By the time I returned up the hill myself I had missed the lead male runners driving home. Doh. My only chance to see the speedsters through the finish line and I blew it.

With all the men safely out of the woods it was time for the women to let loose. We gathered at the start line, me feeling very out of place, insecure and like an awkward foal among a paddock of race horses. The running superstars in our midst got introductory shout outs over the tannoy. I found myself stood at the front of the pack next to Gina Lucrezi, feeling pretty sure this would be my only chance to take a good look at her. She turned and beamed a self assured “Good luck everyone!” to all the other women before focussing on the trail ahead with a confident smile and determination. She was very nice and meant it genuinely, but she may as well have said “Don’t go breaking anything ladies, I’ll wait for you at the other end.”

The gun shrilled and the pack charged off, me with them. The first mile went fast. I did a 7:30 minute mile. Yowser! It felt great. All the while as we ploughed down the hill and through some easy terrain I was confused and curious as to why the gents had seemed so battered as they left this leg of the race behind.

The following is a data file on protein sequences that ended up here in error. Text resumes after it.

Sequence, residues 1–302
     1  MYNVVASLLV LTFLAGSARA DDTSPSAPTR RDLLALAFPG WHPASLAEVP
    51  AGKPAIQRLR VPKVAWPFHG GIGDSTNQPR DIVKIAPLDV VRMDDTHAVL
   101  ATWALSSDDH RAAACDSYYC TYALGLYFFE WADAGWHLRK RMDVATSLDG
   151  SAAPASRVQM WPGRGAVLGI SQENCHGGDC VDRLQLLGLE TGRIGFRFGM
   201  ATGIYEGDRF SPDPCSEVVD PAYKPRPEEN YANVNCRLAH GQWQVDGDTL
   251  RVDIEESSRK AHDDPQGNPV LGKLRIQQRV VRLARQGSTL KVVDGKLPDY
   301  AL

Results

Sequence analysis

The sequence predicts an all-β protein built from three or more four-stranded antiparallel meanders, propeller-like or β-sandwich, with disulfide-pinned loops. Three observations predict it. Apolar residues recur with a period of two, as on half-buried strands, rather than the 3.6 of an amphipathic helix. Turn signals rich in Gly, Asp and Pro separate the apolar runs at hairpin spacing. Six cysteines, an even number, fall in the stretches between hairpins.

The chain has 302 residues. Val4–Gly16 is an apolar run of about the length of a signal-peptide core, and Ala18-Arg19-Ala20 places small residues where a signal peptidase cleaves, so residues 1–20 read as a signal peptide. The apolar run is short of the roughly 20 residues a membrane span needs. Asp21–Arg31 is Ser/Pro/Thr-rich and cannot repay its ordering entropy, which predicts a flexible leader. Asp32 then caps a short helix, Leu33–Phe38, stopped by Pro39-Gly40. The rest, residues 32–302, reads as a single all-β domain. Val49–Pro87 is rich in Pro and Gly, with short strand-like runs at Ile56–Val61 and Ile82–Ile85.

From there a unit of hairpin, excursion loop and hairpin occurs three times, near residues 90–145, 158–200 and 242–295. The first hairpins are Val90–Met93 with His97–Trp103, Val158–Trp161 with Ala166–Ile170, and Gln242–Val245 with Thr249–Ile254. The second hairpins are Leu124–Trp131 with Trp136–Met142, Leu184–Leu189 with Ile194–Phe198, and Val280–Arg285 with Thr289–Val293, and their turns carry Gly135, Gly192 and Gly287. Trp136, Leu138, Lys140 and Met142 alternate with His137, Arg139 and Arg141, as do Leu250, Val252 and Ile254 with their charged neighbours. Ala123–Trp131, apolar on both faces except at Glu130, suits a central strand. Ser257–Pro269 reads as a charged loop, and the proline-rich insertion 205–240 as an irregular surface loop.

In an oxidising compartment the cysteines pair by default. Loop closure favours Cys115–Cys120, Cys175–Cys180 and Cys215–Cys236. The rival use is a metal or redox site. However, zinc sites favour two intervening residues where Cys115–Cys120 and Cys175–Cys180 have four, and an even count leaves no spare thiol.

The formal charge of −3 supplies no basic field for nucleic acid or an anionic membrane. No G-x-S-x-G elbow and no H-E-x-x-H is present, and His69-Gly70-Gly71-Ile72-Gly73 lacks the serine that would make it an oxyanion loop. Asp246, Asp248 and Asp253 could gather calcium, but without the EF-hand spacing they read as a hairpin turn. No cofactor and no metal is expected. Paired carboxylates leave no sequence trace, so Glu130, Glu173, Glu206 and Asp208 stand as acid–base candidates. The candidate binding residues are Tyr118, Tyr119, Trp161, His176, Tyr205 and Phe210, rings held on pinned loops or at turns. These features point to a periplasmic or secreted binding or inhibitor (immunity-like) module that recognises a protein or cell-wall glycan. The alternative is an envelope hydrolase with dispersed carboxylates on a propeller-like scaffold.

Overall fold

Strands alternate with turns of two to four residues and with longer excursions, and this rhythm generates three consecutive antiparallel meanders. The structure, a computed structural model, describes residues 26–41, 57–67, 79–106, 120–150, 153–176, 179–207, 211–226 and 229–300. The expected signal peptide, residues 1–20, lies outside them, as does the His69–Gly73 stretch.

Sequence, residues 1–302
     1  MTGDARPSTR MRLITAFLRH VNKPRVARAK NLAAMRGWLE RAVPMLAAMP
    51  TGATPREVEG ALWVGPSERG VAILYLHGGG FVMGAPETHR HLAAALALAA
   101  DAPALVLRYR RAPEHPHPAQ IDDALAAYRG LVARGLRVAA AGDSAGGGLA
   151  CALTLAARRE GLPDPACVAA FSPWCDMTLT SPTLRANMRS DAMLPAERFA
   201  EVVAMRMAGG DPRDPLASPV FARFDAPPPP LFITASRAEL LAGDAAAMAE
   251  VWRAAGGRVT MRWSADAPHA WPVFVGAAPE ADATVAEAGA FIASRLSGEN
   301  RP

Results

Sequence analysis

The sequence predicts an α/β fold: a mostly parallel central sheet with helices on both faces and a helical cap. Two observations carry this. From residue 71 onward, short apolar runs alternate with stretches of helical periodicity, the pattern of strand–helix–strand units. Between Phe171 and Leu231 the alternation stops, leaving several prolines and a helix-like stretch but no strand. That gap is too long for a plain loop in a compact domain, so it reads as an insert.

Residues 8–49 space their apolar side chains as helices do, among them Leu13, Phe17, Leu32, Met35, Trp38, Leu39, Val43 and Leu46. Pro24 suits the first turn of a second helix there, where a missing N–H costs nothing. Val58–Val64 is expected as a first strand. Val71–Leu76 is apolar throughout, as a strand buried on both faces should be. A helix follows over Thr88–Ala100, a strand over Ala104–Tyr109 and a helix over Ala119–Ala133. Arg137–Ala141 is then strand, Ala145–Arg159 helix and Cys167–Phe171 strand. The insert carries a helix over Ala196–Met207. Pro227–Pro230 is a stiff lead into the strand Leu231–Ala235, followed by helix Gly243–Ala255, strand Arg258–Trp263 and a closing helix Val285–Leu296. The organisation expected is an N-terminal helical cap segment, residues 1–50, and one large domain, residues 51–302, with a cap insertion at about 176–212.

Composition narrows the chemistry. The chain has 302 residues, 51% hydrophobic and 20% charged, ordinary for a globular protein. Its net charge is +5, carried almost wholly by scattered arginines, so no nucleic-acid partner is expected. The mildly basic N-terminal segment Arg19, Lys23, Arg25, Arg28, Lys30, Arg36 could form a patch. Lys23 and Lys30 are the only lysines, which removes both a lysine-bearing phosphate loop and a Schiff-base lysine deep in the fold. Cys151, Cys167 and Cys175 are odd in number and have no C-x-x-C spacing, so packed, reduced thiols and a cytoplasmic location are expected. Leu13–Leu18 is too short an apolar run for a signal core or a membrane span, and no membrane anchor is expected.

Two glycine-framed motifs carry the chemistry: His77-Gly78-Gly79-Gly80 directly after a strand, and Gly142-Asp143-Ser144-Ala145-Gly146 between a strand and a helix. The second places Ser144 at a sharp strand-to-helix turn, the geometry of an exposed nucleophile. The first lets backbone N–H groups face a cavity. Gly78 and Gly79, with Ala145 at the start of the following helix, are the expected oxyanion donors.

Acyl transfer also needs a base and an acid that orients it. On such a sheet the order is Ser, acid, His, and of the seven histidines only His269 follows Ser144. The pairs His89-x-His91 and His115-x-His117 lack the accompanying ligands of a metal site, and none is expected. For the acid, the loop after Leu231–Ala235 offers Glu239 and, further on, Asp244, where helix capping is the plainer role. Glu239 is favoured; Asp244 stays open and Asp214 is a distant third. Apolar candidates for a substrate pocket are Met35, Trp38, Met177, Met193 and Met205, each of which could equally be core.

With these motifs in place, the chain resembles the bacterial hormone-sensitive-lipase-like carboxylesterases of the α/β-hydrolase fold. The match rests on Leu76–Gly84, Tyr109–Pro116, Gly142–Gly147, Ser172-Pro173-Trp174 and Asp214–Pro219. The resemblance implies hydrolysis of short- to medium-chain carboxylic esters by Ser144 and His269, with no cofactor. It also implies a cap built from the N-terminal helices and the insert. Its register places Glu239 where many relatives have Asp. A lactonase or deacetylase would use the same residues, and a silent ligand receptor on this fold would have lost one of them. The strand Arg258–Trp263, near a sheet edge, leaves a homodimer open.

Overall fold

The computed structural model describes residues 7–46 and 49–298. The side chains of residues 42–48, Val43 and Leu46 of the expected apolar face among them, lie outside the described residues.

Somewhere after this first mile though my race resolve just melted away and although I was feeling good I mentally pulled back. Annette Bednosky eased past me and I locked onto her back as she pulled away from me for a while, but I just couldn’t convince myself to go all out. Inexperience won and doubts about maintaining pace and pushing hard for the full duration won. I had been resolved to all out race this six mile test and leave everything I’d got on the trails, but come race day my mind decided that I wasn’t game for the challenge and reverted back to long distance endurance hard run walk up the hills mode. I’m a touch aggravated with myself about this. As soon as I hit the first grassy uphill I was saving my legs for the rest of the run. No problem over a long distance, but not a great tactic for a 10k! The problem was the hills were long and plentiful and there were no really good stretches with which to gain ground. The race description didn’t lie. It was a bit like running the Twisted Ankle trail race’s notorious Becky’s Bluff over and over and over again for six miles, except harder.